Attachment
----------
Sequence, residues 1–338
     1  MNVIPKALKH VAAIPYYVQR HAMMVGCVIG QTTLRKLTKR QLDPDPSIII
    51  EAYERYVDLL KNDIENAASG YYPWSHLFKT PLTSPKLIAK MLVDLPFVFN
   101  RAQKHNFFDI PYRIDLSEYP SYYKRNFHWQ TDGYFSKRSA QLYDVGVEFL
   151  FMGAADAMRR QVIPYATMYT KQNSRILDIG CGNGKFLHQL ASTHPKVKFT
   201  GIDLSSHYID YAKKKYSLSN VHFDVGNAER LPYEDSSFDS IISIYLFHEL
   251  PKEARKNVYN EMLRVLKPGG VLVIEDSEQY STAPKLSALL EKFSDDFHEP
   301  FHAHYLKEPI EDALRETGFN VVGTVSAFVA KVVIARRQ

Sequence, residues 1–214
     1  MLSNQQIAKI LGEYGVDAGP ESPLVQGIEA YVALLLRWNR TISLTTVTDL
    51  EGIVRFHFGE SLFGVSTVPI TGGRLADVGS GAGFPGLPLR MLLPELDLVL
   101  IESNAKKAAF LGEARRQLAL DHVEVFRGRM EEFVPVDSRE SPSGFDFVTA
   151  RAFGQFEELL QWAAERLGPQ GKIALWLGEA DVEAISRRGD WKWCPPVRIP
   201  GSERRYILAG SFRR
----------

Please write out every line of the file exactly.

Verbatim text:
Sequence, residues 1–338
     1  MNVIPKALKH VAAIPYYVQR HAMMVGCVIG QTTLRKLTKR QLDPDPSIII
    51  EAYERYVDLL KNDIENAASG YYPWSHLFKT PLTSPKLIAK MLVDLPFVFN
   101  RAQKHNFFDI PYRIDLSEYP SYYKRNFHWQ TDGYFSKRSA QLYDVGVEFL
   151  FMGAADAMRR QVIPYATMYT KQNSRILDIG CGNGKFLHQL ASTHPKVKFT
   201  GIDLSSHYID YAKKKYSLSN VHFDVGNAER LPYEDSSFDS IISIYLFHEL
   251  PKEARKNVYN EMLRVLKPGG VLVIEDSEQY STAPKLSALL EKFSDDFHEP
   301  FHAHYLKEPI EDALRETGFN VVGTVSAFVA KVVIARRQ

Sequence, residues 1–214
     1  MLSNQQIAKI LGEYGVDAGP ESPLVQGIEA YVALLLRWNR TISLTTVTDL
    51  EGIVRFHFGE SLFGVSTVPI TGGRLADVGS GAGFPGLPLR MLLPELDLVL
   101  IESNAKKAAF LGEARRQLAL DHVEVFRGRM EEFVPVDSRE SPSGFDFVTA
   151  RAFGQFEELL QWAAERLGPQ GKIALWLGEA DVEAISRRGD WKWCPPVRIP
   201  GSERRYILAG SFRR